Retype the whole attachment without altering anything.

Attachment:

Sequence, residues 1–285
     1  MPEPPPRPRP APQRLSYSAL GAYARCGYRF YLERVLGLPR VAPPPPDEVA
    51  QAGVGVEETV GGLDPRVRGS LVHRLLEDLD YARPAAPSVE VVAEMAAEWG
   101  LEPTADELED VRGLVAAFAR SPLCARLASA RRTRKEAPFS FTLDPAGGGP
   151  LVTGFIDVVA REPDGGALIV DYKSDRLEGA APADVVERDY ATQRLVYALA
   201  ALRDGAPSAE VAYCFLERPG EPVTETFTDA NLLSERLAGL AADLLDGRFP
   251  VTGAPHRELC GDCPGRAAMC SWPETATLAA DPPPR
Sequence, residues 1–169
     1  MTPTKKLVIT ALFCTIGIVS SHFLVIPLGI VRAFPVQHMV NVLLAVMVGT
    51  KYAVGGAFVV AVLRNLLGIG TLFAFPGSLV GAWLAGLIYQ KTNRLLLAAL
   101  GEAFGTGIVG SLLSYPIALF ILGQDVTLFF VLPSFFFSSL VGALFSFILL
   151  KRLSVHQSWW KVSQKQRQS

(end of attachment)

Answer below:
Sequence, residues 1–285
     1  MPEPPPRPRP APQRLSYSAL GAYARCGYRF YLERVLGLPR VAPPPPDEVA
    51  QAGVGVEETV GGLDPRVRGS LVHRLLEDLD YARPAAPSVE VVAEMAAEWG
   101  LEPTADELED VRGLVAAFAR SPLCARLASA RRTRKEAPFS FTLDPAGGGP
   151  LVTGFIDVVA REPDGGALIV DYKSDRLEGA APADVVERDY ATQRLVYALA
   201  ALRDGAPSAE VAYCFLERPG EPVTETFTDA NLLSERLAGL AADLLDGRFP
   251  VTGAPHRELC GDCPGRAAMC SWPETATLAA DPPPR
Sequence, residues 1–169
     1  MTPTKKLVIT ALFCTIGIVS SHFLVIPLGI VRAFPVQHMV NVLLAVMVGT
    51  KYAVGGAFVV AVLRNLLGIG TLFAFPGSLV GAWLAGLIYQ KTNRLLLAAL
   101  GEAFGTGIVG SLLSYPIALF ILGQDVTLFF VLPSFFFSSL VGALFSFILL
   151  KRLSVHQSWW KVSQKQRQS